Yes. A day would usually consist of lectures and short practical problem solving in the morning, with labs in the afternoon. Almost every evening there was homework and bigger tasks were given over the weekend. I found it extremely intense at times, even notwithstanding the fact that I had a 6 month old baby and was still working weekends to pay my mortgage and everything else. There were times when I felt swamped with the amount of information that I had to absorb and many times when I felt heavily under pressure to get the classwork and projects completed. Most folk are in the same boat, though, and the instructors were completely understanding. If you asked for help with the work it was there. The course was roughly structured into 3 blocks with a project at the end of each block. The focus was on programming concepts such as TDD (test driven development) and OOP (object oriented programming) that are immediately relevant to the current job market, rather than theory. The languages taught were Ruby, Java and Javascript which are all used widely (particularly Javascript), though perhaps Python and C# are currently more in demand than the first two.

Value for Money?

A simple calculation would be 16 weeks = 80 days. Each day was 9am-4pm (approx), so that’s 7 hours a day. So we have 560 contact hours, divide £4500 by that and it gives an hourly rate of £8.03. That was insane value considering you had roughly 1 tutor to every 4/5  students. And that doesn’t include out of hours help on the Slack channel. This is where some may think that I’m trying to sell CodeClan here, but those were the figures. In addition, the facilities in the Tontine building where we were based were excellent, though I believe that CodeClan is currently at a different premises in the city centre.

Getting A Job – Do employers take you seriously with little other than CodeClan on your technical CV?

That was the hard part. I graduated in September 2017 and didn’t get a job, full time or otherwise, until June 2018. I must have sent out over 60 CV’s, and from that I was given roughly 8 coding tests (all unsuccessful), 5 interviews, 2 callbacks, 1 training course offer and 1 job offer (which I took and am really enjoying). Some students will find themselves getting jobs very quickly – occasionally before the course is even finished – but many will, like myself, find it a frustrating process that lasts longer than they would have hoped, with plenty of rejections along the way. It goes without saying that you want to make sure that you are financially secure enough to be out of work for a while, or have something to fall back on whilst you job hunt.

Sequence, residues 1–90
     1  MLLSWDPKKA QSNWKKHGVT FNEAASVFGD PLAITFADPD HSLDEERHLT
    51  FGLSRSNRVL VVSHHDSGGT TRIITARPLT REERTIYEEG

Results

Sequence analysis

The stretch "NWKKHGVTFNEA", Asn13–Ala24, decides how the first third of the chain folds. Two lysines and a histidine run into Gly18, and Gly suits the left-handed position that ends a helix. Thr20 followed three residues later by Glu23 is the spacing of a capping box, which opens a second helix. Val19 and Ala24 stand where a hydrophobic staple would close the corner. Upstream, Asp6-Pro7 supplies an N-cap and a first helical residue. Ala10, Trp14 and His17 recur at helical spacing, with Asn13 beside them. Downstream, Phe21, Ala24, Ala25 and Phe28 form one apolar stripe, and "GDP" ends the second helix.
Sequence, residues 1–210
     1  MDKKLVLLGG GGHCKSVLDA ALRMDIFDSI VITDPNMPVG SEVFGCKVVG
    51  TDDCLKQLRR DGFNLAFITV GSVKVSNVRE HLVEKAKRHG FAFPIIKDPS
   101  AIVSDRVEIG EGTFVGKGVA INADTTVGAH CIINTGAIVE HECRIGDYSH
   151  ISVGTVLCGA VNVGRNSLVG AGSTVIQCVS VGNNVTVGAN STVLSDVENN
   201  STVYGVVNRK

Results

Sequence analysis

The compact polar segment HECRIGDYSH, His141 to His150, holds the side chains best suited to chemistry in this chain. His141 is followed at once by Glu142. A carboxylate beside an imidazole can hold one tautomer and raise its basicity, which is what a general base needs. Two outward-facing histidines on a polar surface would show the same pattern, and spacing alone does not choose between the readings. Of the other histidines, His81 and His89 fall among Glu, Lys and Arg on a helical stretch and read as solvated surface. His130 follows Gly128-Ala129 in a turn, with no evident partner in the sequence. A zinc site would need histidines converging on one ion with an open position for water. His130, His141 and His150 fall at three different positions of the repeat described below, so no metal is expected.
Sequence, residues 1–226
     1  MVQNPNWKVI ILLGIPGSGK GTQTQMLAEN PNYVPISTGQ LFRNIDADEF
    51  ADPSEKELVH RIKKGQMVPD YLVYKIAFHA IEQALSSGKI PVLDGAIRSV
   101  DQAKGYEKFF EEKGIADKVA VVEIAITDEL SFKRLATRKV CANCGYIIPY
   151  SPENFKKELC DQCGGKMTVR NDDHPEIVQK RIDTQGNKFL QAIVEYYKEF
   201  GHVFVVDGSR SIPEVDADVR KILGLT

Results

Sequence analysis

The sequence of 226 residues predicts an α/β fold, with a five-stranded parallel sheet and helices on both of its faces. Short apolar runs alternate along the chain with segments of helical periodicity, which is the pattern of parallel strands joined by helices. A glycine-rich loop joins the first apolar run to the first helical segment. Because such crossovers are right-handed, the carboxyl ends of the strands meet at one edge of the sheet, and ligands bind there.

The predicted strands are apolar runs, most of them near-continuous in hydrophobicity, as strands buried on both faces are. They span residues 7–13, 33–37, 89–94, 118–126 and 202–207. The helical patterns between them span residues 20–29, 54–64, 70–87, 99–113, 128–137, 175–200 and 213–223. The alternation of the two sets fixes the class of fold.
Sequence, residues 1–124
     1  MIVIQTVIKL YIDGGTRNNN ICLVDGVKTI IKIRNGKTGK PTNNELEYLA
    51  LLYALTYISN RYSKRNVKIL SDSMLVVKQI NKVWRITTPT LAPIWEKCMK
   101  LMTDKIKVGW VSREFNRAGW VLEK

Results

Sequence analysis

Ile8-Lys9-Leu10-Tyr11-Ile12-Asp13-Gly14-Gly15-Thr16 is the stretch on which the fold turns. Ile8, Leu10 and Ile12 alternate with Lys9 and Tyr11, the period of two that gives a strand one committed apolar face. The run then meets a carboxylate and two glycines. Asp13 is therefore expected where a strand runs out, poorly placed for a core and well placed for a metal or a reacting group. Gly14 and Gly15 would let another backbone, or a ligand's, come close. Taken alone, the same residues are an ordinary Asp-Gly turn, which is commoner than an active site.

Most job advertisements for junior or graduate openings specify a degree in computing science as a prerequisite, and there is no doubt that many employers in Glasgow had not heard of CodeClan when our cohort had graduated. Awareness of CodeClan certainly seems to be gaining a positive momentum, though of course I can’t speak for prospective employers. CodeClan has a jobs board, but keep in mind that each of those jobs is probably going to be applied for by not just everyone in your cohort, but everyone in every other cohort who doesn’t have a job yet and graduates of other courses who are looking for employment. I personally gained little from the slightly disappointing speed networking session with employers and found the weekly employer presentations quite lacking. Quite a few others, if not the majority, shared this opinion, so you may want to prepare for such a scenario.